This section examines the legal, regulatory, corporate social responsibility, and other public policy issues raised by our report’s findings. We focus on the responsibilities of Netsweeper, Inc. and the obligations of the Canadian government under international human rights law.
Posts tagged “Canada”
Canadians can learn new things about your personal data by requesting access to it from companies. What can be found out varies by company and there can be some hurdles to overcome before you get access.
The Citizen Lab and the Canadian Internet Policy & Public Interest Clinic (CIPPIC) have collaborated to produce a report which provides timely legal analysis, political context, and historical background on the Communications Security Establishment Act and related provisions in Bill C-59 (An Act respecting national security matters), First Reading (December 18, 2017).
As part of Citizen Lab’s SIGINT working group (which focuses on Canada’s signals intelligence activities), Bill Robinson offers an analysis of proposed legislative changes in Bill C-59.
Citizen Lab Research Associate Christopher Parsons joined The Agenda with Steve Paikin to discuss the controversial Bill C-51, anti-terrorism legislation passed by the previous Conservative government. He joined a panel to discuss potential changes to the law, which has been used by agencies like the RCMP and Canadian Association of Chiefs of Police to petition for new powers to access telephone and Internet data.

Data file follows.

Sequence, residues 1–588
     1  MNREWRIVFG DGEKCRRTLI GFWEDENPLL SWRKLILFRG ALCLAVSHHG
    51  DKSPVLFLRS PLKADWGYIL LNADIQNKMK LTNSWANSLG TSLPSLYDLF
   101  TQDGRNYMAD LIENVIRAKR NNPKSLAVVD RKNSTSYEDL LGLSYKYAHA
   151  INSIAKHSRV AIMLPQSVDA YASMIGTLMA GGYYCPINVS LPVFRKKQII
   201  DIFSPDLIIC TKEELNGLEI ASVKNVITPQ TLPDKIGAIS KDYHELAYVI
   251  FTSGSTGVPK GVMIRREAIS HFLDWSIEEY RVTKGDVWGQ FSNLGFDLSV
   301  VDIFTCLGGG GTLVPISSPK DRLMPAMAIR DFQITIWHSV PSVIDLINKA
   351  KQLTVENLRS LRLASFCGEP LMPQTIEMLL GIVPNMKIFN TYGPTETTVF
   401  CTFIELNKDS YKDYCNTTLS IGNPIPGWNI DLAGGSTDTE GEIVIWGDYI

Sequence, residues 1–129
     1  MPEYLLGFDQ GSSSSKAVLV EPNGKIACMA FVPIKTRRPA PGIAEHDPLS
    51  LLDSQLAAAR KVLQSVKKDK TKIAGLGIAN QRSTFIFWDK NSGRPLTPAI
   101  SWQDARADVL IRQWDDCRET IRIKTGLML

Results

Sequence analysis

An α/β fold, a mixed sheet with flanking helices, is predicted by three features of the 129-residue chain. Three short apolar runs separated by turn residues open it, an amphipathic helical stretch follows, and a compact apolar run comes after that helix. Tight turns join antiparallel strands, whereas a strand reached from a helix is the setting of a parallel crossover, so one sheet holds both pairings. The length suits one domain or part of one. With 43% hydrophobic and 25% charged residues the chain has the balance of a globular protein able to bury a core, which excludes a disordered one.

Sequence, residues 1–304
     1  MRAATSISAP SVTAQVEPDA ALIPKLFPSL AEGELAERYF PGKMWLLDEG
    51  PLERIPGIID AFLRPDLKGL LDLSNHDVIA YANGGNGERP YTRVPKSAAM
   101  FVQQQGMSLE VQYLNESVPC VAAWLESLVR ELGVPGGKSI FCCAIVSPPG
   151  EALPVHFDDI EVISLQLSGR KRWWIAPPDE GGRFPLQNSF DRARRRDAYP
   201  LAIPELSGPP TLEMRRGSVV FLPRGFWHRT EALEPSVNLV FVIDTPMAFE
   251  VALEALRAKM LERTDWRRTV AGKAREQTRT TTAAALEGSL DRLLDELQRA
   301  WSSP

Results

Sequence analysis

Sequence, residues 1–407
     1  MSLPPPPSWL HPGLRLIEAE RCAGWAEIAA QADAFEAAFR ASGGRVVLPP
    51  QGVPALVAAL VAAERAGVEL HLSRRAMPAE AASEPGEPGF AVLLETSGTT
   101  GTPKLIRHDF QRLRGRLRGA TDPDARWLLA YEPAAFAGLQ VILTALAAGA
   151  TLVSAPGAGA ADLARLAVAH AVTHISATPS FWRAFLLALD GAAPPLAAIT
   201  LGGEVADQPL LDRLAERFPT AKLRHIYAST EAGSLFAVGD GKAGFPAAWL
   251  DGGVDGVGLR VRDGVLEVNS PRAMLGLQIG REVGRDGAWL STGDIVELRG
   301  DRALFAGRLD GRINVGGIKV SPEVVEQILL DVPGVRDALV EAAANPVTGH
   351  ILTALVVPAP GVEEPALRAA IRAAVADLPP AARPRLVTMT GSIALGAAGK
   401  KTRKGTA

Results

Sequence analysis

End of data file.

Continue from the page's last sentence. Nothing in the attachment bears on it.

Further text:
The Ontario Provincial Police (OPP) plans to send text messages to individuals who were present in the particular neighbourhood in which a homicide occurred, in an attempt to gain more information in solving the crime. Postdoctoral Fellow Christopher Parsons commented on the use and storage of this data.
In this post, we critically examine the Government of Canada’s proposal to indiscriminately access subscriber identity information that is possessed by telecommunications service providers. We conclude by arguing that the government has failed to justify its case for such access to the information.
In this report, we confirm the use of the services of Canadian company Netsweeper, Inc. to censor access to the Internet in the Kingdom of Bahrain.
This report investigates the surveillance capabilities of IMSI Catchers, efforts by states to prevent information relating to IMSI Catchers from entering the public record, and the legal and policy frameworks that govern the use of these devices. The report principally focuses on Canadian agencies but, to do so, draws comparative examples from other jurisdictions. The report concludes with a series of recommended transparency and control mechanisms that are designed to properly contain the use of the devices and temper their more intrusive features.
The United States Department of Homeland Security has filed a proposal to collect social media details from visitors to the country. Citizen Lab Postdoctoral Fellow Christopher Parsons commented on the privacy implications of the proposal, as well as broader trends in social media monitoring by security officials.